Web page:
When it comes to Wes Anderson films, there is always a lot to talk about. I could talk about shot compositions, the soundtrack choices, the acting, or so much more. But, what I want to talk about is how the The Royal Tenebaums (2001) handles humor. Specifically, how it handles humor in a scene involving suicide.
Trigger warning for the scene below, as it depicts a suicide attempt.
Before this scene is a rather humorous scene of a man finding out that his wife is having an affair. Then it goes into this heart breaking scene of Luke Wilson’s character attempting suicide. Then, when someone finds him, it is played for laughs. Only then to show another heart breaking scene of the character’s mother getting the news. Then there is a goofy transition shot of a dog sticking his head out the window of a car on the way to the hospital. Then, another sad shot of the character’s sister running through the hospital. Only to then end on another joke. The emotional whiplash is incredible.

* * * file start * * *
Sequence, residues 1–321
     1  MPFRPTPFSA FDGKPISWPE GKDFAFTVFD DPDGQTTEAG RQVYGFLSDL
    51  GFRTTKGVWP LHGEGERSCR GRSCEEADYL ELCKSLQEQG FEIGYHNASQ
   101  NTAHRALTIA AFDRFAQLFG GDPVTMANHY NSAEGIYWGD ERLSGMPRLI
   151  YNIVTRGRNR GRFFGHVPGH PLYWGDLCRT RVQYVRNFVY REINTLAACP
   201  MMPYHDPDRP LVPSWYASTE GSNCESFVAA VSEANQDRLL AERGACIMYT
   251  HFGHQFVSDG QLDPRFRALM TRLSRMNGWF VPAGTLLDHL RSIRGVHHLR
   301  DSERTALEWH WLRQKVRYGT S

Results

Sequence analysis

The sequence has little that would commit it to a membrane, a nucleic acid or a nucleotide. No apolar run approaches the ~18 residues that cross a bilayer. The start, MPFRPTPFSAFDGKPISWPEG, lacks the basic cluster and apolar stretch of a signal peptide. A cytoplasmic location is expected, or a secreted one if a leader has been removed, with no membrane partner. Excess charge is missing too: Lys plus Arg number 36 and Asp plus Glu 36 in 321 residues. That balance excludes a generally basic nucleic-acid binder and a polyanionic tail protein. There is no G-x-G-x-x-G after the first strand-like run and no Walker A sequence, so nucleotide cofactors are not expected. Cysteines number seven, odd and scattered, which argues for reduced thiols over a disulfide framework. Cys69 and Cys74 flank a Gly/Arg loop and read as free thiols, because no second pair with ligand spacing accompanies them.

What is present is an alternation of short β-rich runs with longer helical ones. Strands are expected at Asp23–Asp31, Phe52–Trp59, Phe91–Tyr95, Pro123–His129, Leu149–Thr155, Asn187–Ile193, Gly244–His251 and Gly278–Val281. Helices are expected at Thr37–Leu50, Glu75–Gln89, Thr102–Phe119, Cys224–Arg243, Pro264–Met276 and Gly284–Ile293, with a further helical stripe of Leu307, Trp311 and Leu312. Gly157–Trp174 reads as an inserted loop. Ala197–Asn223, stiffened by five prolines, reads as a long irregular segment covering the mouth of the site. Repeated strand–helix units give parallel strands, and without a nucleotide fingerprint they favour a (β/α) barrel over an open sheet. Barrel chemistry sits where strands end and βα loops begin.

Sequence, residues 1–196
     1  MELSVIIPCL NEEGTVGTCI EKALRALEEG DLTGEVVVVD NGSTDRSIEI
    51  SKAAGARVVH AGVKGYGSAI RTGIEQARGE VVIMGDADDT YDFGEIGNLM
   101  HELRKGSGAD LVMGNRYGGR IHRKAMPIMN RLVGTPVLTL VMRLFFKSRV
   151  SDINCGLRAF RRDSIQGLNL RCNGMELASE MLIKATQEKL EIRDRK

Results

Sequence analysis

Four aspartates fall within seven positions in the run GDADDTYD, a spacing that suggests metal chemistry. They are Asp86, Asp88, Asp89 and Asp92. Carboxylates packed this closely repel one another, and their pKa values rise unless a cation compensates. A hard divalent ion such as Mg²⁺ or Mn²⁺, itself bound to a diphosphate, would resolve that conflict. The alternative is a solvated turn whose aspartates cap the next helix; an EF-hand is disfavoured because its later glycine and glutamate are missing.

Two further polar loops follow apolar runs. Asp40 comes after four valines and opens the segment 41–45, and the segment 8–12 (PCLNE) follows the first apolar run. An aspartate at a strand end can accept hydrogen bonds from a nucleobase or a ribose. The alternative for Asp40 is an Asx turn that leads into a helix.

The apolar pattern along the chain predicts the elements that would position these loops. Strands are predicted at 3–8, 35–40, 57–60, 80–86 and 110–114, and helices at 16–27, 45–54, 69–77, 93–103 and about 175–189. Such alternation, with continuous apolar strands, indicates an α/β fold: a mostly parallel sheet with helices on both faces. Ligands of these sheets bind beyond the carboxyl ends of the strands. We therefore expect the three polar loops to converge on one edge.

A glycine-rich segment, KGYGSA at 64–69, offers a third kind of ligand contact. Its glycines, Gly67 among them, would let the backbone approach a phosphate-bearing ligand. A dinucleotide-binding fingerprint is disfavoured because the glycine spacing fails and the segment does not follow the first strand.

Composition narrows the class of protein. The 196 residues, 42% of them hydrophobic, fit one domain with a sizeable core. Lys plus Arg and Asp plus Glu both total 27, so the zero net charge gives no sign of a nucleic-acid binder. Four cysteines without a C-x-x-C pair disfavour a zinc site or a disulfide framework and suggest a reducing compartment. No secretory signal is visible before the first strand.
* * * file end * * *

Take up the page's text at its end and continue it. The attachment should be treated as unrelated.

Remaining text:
Wes Anderson movies are known for their largely quirky and off beat humor. I’d say this scene, or collection of scenes, is a prime example.
The laughs are made stronger through the juxtaposition of the tragic scenes. And the tragic scenes are in turn made more tragic through the use of jokes as punctuation to the tragedy.
Think of it like when a child swears in church. You aren’t supposed to laugh. In fact, you probably shouldn’t laugh. But the sheer fact that you shouldn’t be laughing makes it all the more funny. This scene functions the same way. Suicide is never funny. The audience knows they shouldn’t laugh. But that just makes the jokes even funnier.
Or at least, that’s how the scene works for me. I will definitely make a note to search out more Wes Anderson films after this one.